At first, Catarina’s story interested me way more than Juliette’s. In fact, I remember wishing that Juliette’s story wasn’t even included.

Fortunately, once Juliette leaves Italy her story gets more interesting, and I began to really enjoy both stories.

The writing was good, the food descriptions made my mouth water, and the stories were great.

Catarina’s Ring was a great light read.

I received a free copy of this book from The San Francisco Book Review in exchange for an honest review.

Rarity from the Hollow

Rarity from the Hollow by Robert Eggleton is not a light-hearted novel.

Lacy Dawn is just a kid. She lives in a poor area, where drugs and domestic violence are common. Lacy Dawn can help the other kids though, with magic taught to her by her secret friend DotCom.

“’It’s a kid’s job to help her parents and any kid who don’t ain’t much of a kid and maybe don’t even deserve to live!’ Faith yelled…”

Lacy Dawn is in the fifth grade when her friend Faith is beaten to death by her dad. Lacy Dawn’s own father beats her and her mother frequently. Sometimes even Lacy Dawn’s dog, Brownie, suffers this abuse. Her mother became pregnant with Lacy Dawn in the eighth grade and now spends her days secretly studying for her GED (she has to hide the study guide from her husband). Her dad suffers from PTSD, and uses weed to try and make himself better. Lacy Dawn is smart for her age, but she’s still just a kid.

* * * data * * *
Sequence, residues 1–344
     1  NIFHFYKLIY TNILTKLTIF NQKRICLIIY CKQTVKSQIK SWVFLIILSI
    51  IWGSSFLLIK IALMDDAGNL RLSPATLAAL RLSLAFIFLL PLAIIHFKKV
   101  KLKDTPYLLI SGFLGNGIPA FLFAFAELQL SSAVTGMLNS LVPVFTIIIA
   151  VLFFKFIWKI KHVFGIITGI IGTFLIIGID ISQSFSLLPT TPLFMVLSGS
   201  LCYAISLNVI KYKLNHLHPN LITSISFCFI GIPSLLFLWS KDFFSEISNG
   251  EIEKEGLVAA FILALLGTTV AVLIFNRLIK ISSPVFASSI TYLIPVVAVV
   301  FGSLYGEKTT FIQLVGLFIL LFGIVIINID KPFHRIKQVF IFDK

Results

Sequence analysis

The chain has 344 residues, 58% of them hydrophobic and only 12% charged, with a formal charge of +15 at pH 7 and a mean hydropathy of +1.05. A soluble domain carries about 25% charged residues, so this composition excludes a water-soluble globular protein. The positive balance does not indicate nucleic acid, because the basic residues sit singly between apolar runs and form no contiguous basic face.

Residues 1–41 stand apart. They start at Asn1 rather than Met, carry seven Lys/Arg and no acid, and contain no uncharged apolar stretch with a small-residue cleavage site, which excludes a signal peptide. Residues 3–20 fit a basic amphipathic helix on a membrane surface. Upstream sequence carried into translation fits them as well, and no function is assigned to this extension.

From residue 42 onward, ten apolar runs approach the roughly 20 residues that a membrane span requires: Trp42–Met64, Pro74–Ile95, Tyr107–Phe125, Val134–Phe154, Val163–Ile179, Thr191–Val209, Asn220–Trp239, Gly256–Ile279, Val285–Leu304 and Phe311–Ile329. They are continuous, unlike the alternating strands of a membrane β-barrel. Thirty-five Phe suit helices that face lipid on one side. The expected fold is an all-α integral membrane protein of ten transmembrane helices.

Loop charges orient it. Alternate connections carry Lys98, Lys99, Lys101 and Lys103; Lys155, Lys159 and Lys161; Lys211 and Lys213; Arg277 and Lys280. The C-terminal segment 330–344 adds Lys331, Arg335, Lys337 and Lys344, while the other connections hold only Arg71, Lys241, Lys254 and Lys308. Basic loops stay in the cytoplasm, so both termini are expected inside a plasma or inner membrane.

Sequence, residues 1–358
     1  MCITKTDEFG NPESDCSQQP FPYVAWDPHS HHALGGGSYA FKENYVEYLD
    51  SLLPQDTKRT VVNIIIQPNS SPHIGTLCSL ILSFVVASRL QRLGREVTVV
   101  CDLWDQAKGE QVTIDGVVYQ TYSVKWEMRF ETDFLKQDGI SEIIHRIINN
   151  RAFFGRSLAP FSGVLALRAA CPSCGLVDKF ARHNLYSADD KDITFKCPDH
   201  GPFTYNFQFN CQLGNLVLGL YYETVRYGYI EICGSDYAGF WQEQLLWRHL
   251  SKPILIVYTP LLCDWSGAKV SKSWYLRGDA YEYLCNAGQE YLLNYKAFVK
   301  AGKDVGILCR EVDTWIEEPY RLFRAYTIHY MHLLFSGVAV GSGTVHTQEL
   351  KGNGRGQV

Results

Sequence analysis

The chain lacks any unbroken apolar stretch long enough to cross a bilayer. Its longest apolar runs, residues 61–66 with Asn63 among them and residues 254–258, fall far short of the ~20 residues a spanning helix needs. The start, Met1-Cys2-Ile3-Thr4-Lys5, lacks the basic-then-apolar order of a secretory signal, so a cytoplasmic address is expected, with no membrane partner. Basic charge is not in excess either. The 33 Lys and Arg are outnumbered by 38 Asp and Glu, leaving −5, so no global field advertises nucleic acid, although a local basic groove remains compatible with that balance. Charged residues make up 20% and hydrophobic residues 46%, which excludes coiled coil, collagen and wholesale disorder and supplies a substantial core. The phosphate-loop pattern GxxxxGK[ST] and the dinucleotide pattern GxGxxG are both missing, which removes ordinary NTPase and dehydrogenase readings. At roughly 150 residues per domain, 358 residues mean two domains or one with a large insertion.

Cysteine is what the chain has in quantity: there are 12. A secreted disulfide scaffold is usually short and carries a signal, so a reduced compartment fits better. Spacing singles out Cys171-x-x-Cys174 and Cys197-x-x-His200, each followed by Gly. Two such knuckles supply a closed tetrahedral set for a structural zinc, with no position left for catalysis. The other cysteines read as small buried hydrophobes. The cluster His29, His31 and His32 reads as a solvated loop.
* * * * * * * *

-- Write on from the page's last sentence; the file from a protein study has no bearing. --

Lacy Dawn is special though. Us humans don’t realize it, but beings not from Earth have figured it out. That’s why DotCom has been sent to teach her. Lacy Dawn also hopes he’ll help fix her family.

“’I told you I got extra help learning stuff when we had our clubhouse. You said he was Jesus and I got pissed off. He’s a lot more powerful than Jesus.’”

This book has been described as a laugh-out-loud book, but I disagree with that. I found it to be very dark. Sure, it has humorous moments, but it’s not a comedy. The author’s categorization is that it includes “elements of everyday horror, paranormal, true love type romance, mystery, and adventure. The content addresses poverty, domestic violence, child maltreatment, local and intergalactic economics, mental health issues – including PTSD experienced by Veterans and the medicinal use of marijuana for treatment of bipolar disorder, capitalism, and touches on the role of Jesus.”

Yes, the book is dark, but it’s also good. It’s well-written and it makes you think. Here I think it’s worth it to mention that the author is a retired mental health psychotherapist. He’s had to work with the sort of people described in his novel, which may be why everything comes across so vividly. Of course, the matter-of-fact voice of a pre-teen narrator may also explain that.

I found this book to be worth the read, but only if you’re in the mood for something dark.

I received a free copy of this book in exchange for an honest review.

Go Set a Watchman